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T-Base Awards $2,000 in Support of Accessibility in Education

For the eighth consecutive year, through the Alliance for Equality of Blind Canadians (AEBC)/T-Base Communications Scholarship Program, T-Base has contributed $2,000 in support of  accessibility in education. This year we have awarded two students who are blind, deaf-blind or partially sighted a $1,000 scholarship. Scholarships are awarded based on academic performance, community involvement and overcoming adversity.

Introducing Jocelyn Rogers & Sarah Hynes

We are thrilled to introImage of man sitting at desk with a printed map comparing a tactile graphic of the same map produced by T-Base.duce our 2019 recipients: Jocelyn Rogers and Sarah Hynes. Jocelyn Rogers, from Edmonton, Alberta, attends Yorkville University, where she is pursuing a Master of Arts in Counseling Psychology (MACP). In Jocelyn’s quest for accessibility in education, she has stressed that equality does not equal sameness, and accommodation does not equal advantage. On several occasions, Jocelyn has requested accommodations so that she, and ultimately other students with disabilities, have an equal opportunity to succeed. Jocelyn currently uses a closed-circuit television (CCTV) to magnify text and prefers to receive educational material in large print. Reading print is becoming increasingly challenging though, so she is learning to read braille and use a screen reader proficiently. Jocelyn’s dream is to become a school psychologist and counsel youth. Jocelyn is an adult volunteer with the Girl Guides of Canada and has been for over 30 years.

Sarah Hynes, from Paradise, Newfoundland and Labrador, is currently finishing high school. She will attend Memorial University in the fall to meet prerequisites for enrolling in the Computer Science program. Sarah wants to contribute to the advancement of assistive technology and improve not only her life, but the lives of other people who are blind or have low vision. Though assistive technology has improved significantly over the years, there is still room for improvement, Sarah said. She uses assistive technology and tactile graphics to access print instructional material. She prefers accessible PDF, but points out that not all PDFs are created with accessibility in mind and therefore can’t be read by a screen reader. Sarah has volunteered at a summer camp for children who have vision loss and advocates for people with disabilities in her community.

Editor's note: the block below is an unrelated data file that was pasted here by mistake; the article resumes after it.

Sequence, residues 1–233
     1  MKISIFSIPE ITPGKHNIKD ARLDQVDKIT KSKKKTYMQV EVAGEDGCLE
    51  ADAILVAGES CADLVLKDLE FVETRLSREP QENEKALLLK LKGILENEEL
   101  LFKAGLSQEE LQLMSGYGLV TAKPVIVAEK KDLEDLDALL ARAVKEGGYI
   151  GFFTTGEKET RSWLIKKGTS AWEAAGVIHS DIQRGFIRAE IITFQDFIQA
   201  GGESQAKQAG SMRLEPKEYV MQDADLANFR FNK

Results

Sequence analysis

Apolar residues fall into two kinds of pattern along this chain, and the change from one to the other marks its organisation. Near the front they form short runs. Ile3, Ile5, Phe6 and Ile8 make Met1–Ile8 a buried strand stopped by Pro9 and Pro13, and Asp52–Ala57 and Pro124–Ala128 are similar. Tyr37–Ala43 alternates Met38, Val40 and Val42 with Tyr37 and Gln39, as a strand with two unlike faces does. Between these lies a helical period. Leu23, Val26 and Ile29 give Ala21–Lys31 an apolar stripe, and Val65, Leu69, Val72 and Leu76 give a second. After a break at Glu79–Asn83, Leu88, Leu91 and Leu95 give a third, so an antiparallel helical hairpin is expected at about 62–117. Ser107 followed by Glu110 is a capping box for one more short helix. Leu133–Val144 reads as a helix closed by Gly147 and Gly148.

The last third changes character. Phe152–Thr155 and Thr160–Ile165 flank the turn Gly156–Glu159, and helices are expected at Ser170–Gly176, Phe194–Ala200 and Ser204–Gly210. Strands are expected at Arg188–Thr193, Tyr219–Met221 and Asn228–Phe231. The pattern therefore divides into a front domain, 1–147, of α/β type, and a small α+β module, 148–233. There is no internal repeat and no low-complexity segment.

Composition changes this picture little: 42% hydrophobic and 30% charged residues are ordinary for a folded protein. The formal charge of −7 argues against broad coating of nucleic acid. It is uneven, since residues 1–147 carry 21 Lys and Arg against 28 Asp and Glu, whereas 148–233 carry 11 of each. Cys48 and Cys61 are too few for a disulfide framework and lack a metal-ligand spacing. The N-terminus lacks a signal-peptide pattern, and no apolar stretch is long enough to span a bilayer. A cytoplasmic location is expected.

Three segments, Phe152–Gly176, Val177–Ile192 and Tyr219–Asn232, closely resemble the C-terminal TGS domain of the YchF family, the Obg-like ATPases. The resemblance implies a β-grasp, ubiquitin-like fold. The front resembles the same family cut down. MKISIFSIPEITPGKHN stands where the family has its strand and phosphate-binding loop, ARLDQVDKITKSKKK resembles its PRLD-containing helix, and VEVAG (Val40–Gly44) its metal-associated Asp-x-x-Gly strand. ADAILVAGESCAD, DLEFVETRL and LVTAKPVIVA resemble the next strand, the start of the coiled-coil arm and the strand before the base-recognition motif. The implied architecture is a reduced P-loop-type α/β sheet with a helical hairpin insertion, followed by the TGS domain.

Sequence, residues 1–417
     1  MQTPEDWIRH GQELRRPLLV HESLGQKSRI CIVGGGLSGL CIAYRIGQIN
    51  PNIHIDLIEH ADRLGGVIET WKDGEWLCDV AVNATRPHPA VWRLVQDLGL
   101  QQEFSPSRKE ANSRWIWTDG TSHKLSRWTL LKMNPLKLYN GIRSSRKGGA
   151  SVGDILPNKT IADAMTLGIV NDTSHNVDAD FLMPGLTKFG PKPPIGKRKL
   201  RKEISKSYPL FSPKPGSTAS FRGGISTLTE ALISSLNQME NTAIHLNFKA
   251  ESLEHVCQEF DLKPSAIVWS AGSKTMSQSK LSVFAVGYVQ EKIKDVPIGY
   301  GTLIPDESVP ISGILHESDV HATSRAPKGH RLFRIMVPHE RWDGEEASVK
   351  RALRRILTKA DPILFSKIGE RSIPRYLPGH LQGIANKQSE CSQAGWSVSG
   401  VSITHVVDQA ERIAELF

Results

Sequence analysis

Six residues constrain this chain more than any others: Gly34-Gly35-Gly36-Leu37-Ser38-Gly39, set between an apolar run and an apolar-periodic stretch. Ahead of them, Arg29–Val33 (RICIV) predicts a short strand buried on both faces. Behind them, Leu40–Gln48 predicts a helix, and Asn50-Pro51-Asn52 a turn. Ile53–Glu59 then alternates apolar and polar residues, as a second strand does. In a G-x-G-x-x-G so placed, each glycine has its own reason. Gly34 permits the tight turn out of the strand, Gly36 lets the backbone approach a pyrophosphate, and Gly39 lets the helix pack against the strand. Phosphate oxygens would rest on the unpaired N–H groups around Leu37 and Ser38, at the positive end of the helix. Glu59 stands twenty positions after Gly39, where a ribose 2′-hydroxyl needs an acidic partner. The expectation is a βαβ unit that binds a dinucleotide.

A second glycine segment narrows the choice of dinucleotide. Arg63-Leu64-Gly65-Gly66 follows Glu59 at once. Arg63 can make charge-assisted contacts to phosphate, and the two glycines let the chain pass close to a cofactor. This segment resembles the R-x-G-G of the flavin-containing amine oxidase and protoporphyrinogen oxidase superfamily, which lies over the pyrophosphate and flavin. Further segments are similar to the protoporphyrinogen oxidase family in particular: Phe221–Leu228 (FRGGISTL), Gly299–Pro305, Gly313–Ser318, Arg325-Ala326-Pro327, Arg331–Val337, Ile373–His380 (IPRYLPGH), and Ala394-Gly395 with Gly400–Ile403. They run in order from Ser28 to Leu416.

A word from our Co-CEO

“Having access to accessible formats is essential for academic success as learning styles and format needs vary by student,” said Bruce Moszcelt, T-Base’s Co-CEO. “Every year through this scholarship program, we enjoy helping ensure students who are blind or have low vision pursue an accessible education in their field of choice. On behalf of T-Base, we’d like to congratulate both Jocelyn Rogers and Sarah Hynes and wish them both continued success in their academic careers.”

Accessibility in education – the key to success

T-Base produces and delivers accessible instructional materials in several formats, including accessible PDF, MathML, ePUB3, audio, braille and reflowed large print. We combine cutting-edge technology and subject matter expertise to turn around instructional material in every format 2x faster. To learn more about our involvement in accessible education across North America, please visit our Education Overview page.

Cassandra Peterson

Author Cassandra Peterson

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